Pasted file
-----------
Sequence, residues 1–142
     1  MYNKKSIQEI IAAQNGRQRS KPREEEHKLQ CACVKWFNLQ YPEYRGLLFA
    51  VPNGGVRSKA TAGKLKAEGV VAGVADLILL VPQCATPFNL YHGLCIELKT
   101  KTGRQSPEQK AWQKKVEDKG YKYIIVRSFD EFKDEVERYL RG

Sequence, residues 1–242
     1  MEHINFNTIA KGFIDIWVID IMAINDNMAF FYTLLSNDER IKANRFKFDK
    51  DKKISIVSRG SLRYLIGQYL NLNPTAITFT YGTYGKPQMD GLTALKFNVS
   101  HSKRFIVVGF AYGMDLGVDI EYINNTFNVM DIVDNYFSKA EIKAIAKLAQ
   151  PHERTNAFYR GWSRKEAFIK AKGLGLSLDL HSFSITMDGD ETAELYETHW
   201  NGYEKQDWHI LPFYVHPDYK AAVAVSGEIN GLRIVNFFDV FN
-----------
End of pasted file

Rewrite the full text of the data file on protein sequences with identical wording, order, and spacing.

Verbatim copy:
Sequence, residues 1–142
     1  MYNKKSIQEI IAAQNGRQRS KPREEEHKLQ CACVKWFNLQ YPEYRGLLFA
    51  VPNGGVRSKA TAGKLKAEGV VAGVADLILL VPQCATPFNL YHGLCIELKT
   101  KTGRQSPEQK AWQKKVEDKG YKYIIVRSFD EFKDEVERYL RG

Sequence, residues 1–242
     1  MEHINFNTIA KGFIDIWVID IMAINDNMAF FYTLLSNDER IKANRFKFDK
    51  DKKISIVSRG SLRYLIGQYL NLNPTAITFT YGTYGKPQMD GLTALKFNVS
   101  HSKRFIVVGF AYGMDLGVDI EYINNTFNVM DIVDNYFSKA EIKAIAKLAQ
   151  PHERTNAFYR GWSRKEAFIK AKGLGLSLDL HSFSITMDGD ETAELYETHW
   201  NGYEKQDWHI LPFYVHPDYK AAVAVSGEIN GLRIVNFFDV FN